My waters broke on the day I was supposed to present in a conference. A friend who was supposed to give me a lift came and I smilingly apologised and said I had more important things to attend to. I had no pain or contractions and ended up being induced. We had the most wonderful midwife who attended to all 3 of us: my Non-English-speaking mother, my husband who played Bach on the CD in the labour suit, and me. Pepi came to this world almost effortlessly. I looked at him and saw he was not ok despite APGAR score of 9. He had single palmar folds, epicantus, wide nasal bridge and deformed feet. The midwife said: “What a cry! Like a little cat!” That was enough for me. I realised I had the baby who had what I only had read about in text books. I cried a lot. Mum and Sasha were confused. They seeked my reassurance, but I could not give it to them. I could see a long stretch of years in front of us – disability, emotions, pains of all sorts. It made me think of all my swims in the uranium-polluted River Sava after NATO bombing of Belgrade in 1999.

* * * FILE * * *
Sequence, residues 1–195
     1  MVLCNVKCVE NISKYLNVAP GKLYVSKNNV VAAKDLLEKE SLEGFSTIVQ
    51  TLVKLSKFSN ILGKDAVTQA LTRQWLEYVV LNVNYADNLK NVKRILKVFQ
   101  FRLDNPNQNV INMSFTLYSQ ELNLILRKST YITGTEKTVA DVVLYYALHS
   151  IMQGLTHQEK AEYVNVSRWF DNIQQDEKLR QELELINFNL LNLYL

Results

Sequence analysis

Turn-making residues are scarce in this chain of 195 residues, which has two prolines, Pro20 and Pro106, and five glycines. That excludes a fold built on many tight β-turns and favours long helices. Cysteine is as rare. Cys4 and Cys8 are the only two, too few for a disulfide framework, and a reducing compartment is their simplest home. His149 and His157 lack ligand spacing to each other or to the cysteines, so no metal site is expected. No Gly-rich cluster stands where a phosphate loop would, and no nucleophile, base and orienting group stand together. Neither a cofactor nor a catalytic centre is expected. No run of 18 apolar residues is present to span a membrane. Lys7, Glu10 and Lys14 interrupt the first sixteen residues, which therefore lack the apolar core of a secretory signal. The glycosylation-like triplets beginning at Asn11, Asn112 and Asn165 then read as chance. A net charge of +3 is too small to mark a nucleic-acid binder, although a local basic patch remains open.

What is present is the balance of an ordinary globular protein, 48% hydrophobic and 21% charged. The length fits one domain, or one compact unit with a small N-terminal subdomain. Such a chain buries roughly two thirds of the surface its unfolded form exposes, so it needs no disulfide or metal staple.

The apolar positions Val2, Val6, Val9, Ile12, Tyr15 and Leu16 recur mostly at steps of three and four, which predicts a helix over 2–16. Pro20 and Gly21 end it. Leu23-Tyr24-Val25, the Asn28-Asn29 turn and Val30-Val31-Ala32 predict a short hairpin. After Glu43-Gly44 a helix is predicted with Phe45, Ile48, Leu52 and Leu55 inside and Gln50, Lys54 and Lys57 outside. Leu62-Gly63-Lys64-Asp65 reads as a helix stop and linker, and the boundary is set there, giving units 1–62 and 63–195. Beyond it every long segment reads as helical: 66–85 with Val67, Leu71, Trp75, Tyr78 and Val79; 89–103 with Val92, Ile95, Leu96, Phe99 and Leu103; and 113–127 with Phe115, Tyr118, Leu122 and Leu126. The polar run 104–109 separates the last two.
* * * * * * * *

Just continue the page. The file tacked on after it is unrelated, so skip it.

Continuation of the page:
Bloods were taken and the result came back 5 days later. Pepi had Cri du Chat Syndrome. By that time I had read all about it. I wanted to prepare for the life journey in front of us the best I could. I thought, if this baby had to be born to somebody, it better be me. I can give him enemas at home, I will feed him with a syringe, I will massage his feet so he does not get contractures, I will persuade the Oakfield to take him… Lack of sleep was painful. And cries. Cries could last forever regardless of what I did.  The smell of vomit in my hair and clothes was eternal. I was at home alone with Pepi, there was not much to enjoy but surviving. Making it through the day. And night. I tried to breast feed to the point I had opened wounds on my breasts. I did it to the music – Ladies and Gentleman by George Michael. I imagined Pepi playing trumpet and me sitting in the front row. I loved swimming and I took him to Aqua Babies. They told us we were a hazard. We attended few playgroups in which we had nothing in common with others. I went to Oakfield for a meeting announcing Pepi’s diagnosis. Roisin Moriarty and Oakfield Nursery gave us comfort beyond any. In preparation for the meeting they went onto Cri du Chat Support Group web site and printed out relevant sections. They said that all children had special needs. They said as long as he was not at risk to himself and others, they would have him. At the time, just like now, he was like a little cub. I avoided other people holding him. However, during my meeting with Roisin, Auntie Kit Kat took him. They had a cuddle. Pepi had a poo. She changed him without asking. I loved her. At that point in time I think I loved those two ladies more than my own mother.